You might wonder how the artists responded to their African education, since returning. “I’m sure they’re still processing,” says Cepeda. “Going to Africa for these artists, especially Raekwon and Tego, was a sojourn. It was connecting to their heritage, where they come from. So it’s much more than just an act of what you’re going to do with jewels. For them, it was more of a personal growth.” For Tego Calderón, “it changed the way he looks at everything,” Cepeda says. “He’s decided not to wear diamonds and that’s his choice.” And according to his website, Paul Wall’s jewelry designs are now made with “conflict-free” diamonds.

Filmmaker Raquel Cepeda, the former editor-in-chief of Russell Simmons’ magazine One World, took some time to talk to Catherine Clyne about Bling: A Planet Rock.

What first got you interested in blood or conflict diamonds?
I thought blood diamonds was the best parallel about the war in Sierra Leone and the anomaly of what was going on there. The atrocities really took me aback, and to see the parallels between African American culture and hip hop culture, and what was going on in Sierra Leone was just bewildering. I thought it would make for a better documentary than article. I started writing the treatment at the end of 2001. It was a creative impulse, my desire to do something in the wake of 9/11 that would change the way Americans think, at least people in my community, about the global community and their counterparts in different countries.

Given that goal, how have people responded to the film so far, especially in the hip hop community?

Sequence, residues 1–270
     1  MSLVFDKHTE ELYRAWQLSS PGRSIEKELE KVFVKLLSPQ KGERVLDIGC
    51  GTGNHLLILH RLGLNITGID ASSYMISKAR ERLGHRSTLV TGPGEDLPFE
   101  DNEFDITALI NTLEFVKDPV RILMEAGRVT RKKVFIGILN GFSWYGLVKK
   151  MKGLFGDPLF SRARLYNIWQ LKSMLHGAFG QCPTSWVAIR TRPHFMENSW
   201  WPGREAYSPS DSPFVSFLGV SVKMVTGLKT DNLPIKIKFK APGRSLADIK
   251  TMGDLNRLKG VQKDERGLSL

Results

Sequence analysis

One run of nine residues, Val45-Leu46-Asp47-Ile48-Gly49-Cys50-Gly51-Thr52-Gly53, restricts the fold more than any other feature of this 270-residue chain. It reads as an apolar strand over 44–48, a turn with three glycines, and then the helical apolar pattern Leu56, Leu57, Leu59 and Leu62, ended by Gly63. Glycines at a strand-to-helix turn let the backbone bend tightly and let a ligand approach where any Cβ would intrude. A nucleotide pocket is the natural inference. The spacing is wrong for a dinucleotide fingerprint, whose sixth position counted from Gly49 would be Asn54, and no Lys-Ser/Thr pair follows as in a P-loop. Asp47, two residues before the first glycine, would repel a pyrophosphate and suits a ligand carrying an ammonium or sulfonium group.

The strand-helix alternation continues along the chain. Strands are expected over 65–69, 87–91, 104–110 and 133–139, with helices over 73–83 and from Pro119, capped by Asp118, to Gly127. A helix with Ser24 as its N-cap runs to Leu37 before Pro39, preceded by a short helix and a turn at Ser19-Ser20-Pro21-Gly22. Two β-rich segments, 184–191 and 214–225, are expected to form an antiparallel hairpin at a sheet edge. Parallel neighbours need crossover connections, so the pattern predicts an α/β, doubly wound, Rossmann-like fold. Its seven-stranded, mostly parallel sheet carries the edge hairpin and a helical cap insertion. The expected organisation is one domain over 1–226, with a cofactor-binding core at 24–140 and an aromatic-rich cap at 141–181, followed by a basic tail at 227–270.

The hip hop community has given me a very positive response. So has every other community that’s seen it. It’s interesting, this film is crossing over to many different kinds of demographics. People are responding so much better to the theatrical version and with much more emotional resonance than they did the [abridged VH1] television version. We’re trying to screen it and enter festivals. I would like it to have a theatrical release, even if it’s limited. And we are supposed to be coming out on DVD in the fall.

There seems to be a clear advocacy side to this documentary, you want to educate people. What do you want people to do or think about when they leave the theater?
I would want them to think about the global community and know we are not insulated, America’s not the only country on the planet. There are other countries we should be taking care of and treating as if they were our family. Because hip hop is the voice of youth culture all over the world, I also want people, especially the artists in the hip hop community, to come away with a sense of empowerment. Maybe it will inspire some people to get involved in different kinds of causes, and not think that if you get involved, you have to trade in your brand of hip hop for a kufi, if you will. I wanted to bring hip hop artists like Paul Wall, Raekwon and Tego, who have their ear to the streets.